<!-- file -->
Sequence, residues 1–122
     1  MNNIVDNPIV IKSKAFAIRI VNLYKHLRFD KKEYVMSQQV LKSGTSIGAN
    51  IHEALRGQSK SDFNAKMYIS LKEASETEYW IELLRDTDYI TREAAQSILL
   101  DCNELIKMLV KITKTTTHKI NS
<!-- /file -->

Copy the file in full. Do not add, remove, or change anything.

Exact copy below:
Sequence, residues 1–122
     1  MNNIVDNPIV IKSKAFAIRI VNLYKHLRFD KKEYVMSQQV LKSGTSIGAN
    51  IHEALRGQSK SDFNAKMYIS LKEASETEYW IELLRDTDYI TREAAQSILL
   101  DCNELIKMLV KITKTTTHKI NS